Religion has a thick history of enchanting and bothering people in equal measure. My family were no exception. In fact a band of besuited individuals once materialised at our front door as they had heard, or sensed - I don't remember which - that someone in the household had strayed from the flock (their words). It's in those moments that only a Custard / Gillette cream Pie launched in the visage would suffice as an appropriate response.

As Methodists, my sister and I came off slightly easier with our weekly trip to church which of course neither of us could appreciate until later. Methodists are fair and sweet and soft looking. We even had a female minister with cherubic curls. I blame their philosophy for an affliction to be the voice of reason and justice, no matter how small the slight. I was even determined that no-one in that church be deceived during Communion by the blood of Christ - it was bloody Morrisons Taste The Best Forest Fruit juice. No-one cared.

So, en-duveted and surrounded by my oversized stuffed animals (teddies, I mean), I reflect on how being an early Methodist brought unexpected joy through simplicity to my life, shaping my ideas of love and why many peers would bark at me to get a life and stop being so agonisingly dull and dreamy. I didn't drink, smoke, take drugs, I sang all day...hoping the One would hear. I was the Sandy of my suburbs. Everyone wondered why I wasn't ashamed. I was a Shameless Sandy! But the polished seed of purity was sown early and throttled any potential coolness from my body. It lead to crazy attempts later in life of whittling any potential toxin away...a year being a sugar-free vegan (read: I ate bags of pre-washed salad and, secretly, flapjacks) during my gap year, followed by monthly enemas and the compulsion to jog around each new place that I visited on the day I arrived.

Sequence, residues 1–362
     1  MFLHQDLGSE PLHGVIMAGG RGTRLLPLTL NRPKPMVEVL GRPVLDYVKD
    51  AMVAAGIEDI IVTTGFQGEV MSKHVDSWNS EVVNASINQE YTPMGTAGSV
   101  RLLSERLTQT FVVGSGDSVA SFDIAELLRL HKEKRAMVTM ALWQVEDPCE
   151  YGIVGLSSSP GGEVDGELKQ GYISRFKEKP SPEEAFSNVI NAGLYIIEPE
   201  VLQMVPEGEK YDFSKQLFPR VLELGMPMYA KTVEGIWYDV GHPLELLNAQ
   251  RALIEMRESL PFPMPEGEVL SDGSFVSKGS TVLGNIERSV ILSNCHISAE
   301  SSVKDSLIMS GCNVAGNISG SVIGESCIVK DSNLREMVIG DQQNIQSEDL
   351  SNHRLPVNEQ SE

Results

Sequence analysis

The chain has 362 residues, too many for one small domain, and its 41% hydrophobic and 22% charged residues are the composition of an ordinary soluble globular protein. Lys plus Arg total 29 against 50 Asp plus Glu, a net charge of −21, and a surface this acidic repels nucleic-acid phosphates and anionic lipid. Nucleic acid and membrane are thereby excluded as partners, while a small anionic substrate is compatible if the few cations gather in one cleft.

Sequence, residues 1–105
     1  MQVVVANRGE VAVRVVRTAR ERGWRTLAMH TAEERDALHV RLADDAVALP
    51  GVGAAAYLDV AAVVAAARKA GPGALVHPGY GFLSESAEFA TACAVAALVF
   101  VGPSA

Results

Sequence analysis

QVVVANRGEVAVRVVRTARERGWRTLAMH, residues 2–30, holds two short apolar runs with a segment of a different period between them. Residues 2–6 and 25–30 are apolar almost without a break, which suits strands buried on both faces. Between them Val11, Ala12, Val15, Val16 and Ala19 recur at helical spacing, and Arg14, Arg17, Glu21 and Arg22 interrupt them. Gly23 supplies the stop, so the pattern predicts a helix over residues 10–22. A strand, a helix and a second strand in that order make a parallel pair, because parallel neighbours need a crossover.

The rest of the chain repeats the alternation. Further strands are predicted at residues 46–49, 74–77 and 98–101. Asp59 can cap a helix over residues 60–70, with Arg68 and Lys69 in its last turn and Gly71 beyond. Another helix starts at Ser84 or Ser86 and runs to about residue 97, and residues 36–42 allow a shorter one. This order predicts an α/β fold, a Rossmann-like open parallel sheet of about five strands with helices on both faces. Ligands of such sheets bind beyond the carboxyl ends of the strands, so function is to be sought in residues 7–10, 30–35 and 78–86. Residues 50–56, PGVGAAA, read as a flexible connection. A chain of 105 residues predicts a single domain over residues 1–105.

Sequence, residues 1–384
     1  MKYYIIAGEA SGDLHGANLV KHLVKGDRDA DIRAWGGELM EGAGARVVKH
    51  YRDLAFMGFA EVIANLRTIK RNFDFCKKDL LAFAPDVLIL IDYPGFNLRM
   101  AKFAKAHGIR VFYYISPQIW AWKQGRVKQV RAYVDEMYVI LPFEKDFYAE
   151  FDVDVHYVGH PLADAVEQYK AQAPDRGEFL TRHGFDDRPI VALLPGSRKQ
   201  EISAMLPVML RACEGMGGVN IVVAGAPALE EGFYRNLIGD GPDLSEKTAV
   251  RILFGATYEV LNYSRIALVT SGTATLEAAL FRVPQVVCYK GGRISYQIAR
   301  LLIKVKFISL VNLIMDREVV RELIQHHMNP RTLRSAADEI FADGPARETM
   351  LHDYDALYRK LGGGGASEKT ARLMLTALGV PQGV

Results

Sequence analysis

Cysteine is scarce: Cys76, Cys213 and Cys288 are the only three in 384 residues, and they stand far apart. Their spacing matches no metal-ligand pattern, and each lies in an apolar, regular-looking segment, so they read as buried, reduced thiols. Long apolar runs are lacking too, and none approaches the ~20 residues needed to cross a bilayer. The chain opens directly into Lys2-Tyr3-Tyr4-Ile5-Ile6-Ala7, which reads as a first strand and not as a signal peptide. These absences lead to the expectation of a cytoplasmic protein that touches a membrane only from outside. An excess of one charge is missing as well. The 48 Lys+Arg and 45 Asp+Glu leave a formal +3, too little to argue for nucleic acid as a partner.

What the fluff has this got to do with anything? I don't know, so back to the matter in hand. Padlocks. Bridges. Colossal mess. Polyamory. Love. After almost 6 hours of lectures, my brain melted and now spells out this sticky grey wisdom for you all to paddle around in until The One calls (wait by the phone for him/her because it's just such a great image). Love is ANYTHING you want it to be. Literally. Make it your mission to fall in love with anything that tickles your fancy - a cookie, a door,a wig, a pineapple, a laptop, a vegetable. Maybe be generous and extend that to a human being. It's almost the 22nd Century so no-one gives a shit. The End. I do?

Wednesday, 10 February 2016

Nativity - Part I: The Jungle Book

When this image appeared on Facebook last year as a person "I might know", I wanted to know about him immediately. Apart from his striking beauty and being clad in little more than clay leaf-print, I had to find out if the image was part of a photo shoot or if it was an actual snapshot of real life. As someone fascinated by indigenous people, ever since watching "The Emerald Forest" with my grandparents when I was a boy, I have had a voracious appetite to discover anything about native people and their environment - from missionaries to linguists who were sent to notate a new language, to highly anecdotal accounts of childhoods spent growing up with these eccentric and curious parents. Interested in textiles too, ceremonial displays with clothing embellished from local exotic birds can't help but capture the imagination and shame even the most bedazzling runway show.

My latest project, Nativity, explores what the term "native" means to a contemporary world. Naturally I turned to Mogly, the name of the wildly handsome man above, whose photo I discovered was a rainforest 'selfie' and not destined for any glossy magazine. I am now equally puzzled and delighted to count him amongst my Facebook friends as we message almost daily - I am captivated to learn about every aspect of his life, which understandably is worlds apart from the average UK life. Despite his feeling about modern technology, it is the internet that has allowed this incredible connection from my armchair.